In its simplest terms, a GIS is a computer system designed to understand, store and analyze spatial data. However, for professionals in or involved with the GIS industry, a GIS extends beyond just the computer itself and represents a multi-part system, comprising of data, methods, software, hardware, and most importantly, people. People ultimately power the GIS industry, reimagining how spatial information can be understood, analyzed, and consumed. By incorporating GIS experience into your professional portfolio, you drastically increase your marketability by demonstrating a unique skill-set, in addition to showing employers you have a specialized means of understanding and analyzing information. This is why you should learn GIS
The argument that the school you attended is the defining factor when applying for a job is dying, as employers are focusing more on what specific skills you have The key to standing out is to have differentiating factors so you can get through the preliminary screening and secure an interview. The internships, research, and positions you had while getting your education show employers you have the unique skills and experience they are looking for. Having a unique and specialized skill-set has the same effect. Experience working with GIS (enough to include it on your resume) is a major differentiating factor. As Esri continues to push Web GIS, online solutions, and integration with Microsoft Office, Sharepoint, and other business products, having enough experience to understand and converse about GIS solutions goes a long way.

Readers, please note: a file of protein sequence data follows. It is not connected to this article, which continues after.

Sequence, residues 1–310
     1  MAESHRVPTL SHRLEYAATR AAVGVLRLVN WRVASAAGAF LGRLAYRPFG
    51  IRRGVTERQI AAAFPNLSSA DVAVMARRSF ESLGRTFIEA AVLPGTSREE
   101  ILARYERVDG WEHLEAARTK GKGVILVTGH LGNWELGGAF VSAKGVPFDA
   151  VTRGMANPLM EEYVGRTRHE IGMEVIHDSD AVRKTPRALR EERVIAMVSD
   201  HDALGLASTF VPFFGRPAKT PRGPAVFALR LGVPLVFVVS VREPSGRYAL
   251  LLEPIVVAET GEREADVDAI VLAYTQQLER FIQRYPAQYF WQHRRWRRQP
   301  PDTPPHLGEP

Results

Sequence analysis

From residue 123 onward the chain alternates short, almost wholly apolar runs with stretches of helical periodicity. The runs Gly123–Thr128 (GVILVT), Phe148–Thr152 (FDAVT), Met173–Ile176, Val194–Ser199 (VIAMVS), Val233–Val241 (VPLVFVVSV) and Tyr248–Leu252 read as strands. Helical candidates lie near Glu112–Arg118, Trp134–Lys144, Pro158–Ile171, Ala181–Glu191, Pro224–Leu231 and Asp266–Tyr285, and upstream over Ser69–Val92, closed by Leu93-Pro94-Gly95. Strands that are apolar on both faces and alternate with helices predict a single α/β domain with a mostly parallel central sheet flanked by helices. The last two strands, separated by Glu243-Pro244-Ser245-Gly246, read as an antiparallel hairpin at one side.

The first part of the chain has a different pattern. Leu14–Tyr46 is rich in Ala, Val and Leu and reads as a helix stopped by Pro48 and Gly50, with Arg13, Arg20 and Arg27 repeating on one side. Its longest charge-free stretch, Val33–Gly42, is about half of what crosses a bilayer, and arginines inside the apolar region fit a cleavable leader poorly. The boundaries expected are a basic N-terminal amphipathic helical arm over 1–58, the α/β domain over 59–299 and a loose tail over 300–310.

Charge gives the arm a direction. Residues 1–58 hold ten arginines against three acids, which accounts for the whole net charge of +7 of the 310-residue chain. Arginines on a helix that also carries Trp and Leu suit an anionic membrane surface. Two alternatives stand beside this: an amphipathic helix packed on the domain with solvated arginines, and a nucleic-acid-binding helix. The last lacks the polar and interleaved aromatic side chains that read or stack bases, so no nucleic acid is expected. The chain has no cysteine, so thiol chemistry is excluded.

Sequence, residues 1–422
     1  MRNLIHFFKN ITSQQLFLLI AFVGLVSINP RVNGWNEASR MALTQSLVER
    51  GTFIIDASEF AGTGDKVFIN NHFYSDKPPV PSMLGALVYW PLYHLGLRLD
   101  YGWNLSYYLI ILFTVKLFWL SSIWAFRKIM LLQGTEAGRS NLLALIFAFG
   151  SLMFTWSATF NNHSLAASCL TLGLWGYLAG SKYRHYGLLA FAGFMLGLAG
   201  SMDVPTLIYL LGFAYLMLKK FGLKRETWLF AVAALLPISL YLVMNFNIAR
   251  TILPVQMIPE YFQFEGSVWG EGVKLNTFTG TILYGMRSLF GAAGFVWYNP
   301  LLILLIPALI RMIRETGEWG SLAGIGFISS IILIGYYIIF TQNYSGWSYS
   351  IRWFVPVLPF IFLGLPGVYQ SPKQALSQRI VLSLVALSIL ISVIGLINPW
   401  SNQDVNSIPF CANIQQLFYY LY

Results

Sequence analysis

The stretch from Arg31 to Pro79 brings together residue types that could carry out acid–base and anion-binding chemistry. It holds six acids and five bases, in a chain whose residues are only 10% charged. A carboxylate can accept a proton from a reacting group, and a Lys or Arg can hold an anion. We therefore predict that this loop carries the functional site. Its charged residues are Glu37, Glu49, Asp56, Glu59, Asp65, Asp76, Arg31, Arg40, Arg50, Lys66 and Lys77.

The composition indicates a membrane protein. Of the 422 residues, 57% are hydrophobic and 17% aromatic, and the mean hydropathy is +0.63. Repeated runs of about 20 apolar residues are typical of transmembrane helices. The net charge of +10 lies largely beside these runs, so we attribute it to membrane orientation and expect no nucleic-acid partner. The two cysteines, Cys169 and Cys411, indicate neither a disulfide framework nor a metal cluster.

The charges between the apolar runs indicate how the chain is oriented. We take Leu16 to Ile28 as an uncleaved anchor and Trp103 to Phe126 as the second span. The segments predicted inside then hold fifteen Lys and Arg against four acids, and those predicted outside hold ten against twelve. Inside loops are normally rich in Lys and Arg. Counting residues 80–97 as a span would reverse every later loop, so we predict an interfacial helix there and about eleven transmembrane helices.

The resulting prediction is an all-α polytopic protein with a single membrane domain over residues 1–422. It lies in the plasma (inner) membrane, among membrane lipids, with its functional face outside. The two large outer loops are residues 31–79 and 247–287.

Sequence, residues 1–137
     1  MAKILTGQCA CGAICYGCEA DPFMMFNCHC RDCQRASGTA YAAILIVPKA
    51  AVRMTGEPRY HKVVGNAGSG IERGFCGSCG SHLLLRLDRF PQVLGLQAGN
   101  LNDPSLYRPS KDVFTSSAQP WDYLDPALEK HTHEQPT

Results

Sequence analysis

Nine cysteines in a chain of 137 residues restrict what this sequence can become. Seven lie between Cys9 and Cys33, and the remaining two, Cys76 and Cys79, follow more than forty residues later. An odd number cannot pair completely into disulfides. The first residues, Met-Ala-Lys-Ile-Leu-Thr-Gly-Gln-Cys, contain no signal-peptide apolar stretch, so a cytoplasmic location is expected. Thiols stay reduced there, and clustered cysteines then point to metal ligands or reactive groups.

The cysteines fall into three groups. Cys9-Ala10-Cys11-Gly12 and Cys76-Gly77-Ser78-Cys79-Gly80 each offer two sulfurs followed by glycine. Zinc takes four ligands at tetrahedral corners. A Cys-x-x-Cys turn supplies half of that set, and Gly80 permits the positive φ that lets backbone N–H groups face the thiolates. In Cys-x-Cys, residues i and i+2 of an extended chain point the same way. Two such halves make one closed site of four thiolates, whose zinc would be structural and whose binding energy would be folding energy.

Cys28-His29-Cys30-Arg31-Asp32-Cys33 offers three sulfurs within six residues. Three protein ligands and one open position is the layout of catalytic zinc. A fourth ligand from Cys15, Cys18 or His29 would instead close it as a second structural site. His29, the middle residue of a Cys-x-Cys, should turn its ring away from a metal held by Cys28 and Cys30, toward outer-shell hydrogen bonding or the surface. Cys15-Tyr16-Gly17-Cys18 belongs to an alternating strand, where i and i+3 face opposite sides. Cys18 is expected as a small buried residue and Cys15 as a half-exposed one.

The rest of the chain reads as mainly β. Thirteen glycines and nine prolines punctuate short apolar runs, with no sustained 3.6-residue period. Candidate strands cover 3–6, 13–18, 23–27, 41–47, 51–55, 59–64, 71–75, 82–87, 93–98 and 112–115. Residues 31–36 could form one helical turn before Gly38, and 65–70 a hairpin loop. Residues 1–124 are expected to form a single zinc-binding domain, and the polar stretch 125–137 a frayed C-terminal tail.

How will working with GIS advance your career?
Advancing your career is a complex process involving experience, networking, risk-taking, and again, differentiating yourself. When a new position at your company opens up, management will have to decide who will fill the void and, given that it is cheaper, less risk-intensive, and more productive to hire internally rather than externally, they are probably looking around the office.
Working with GIS provides a unique lens that offers useful insight into how processes and patterns change in time and space. Rather than running through the motions of your current responsibilities, integrating GIS analysis into reports, presentations and daily operations introduce dynamism and an additional layer of thoroughness to your work. Additionally, extending your responsibilities also shows management that you are looking to self-improve and go the extra mile.
In addition to offering a means of analyzing data, maps themselves have worth and are useful tools when examining a situation. Maps allow for complex phenomena to be displayed in simple terms, making decision-making considerably more straightforward and less abstract. Additionally, understanding cartographic design principles allows map-makers to influence the perceptions of the audience.
In consideration of how GIS can be a tool to increase the thoroughness of your analysis, the robustness of your presentation, and your professional identity, it is worthwhile to explore if you are trying to push your professional career forward.
If you are interested in learning GIS for yourself or your staff, we at Geoinfotech are passionate about proffering the best of value with our GIS training programs. To find out more about our training services and how you can learn GIS, visit https://geoinfotech.ng/training/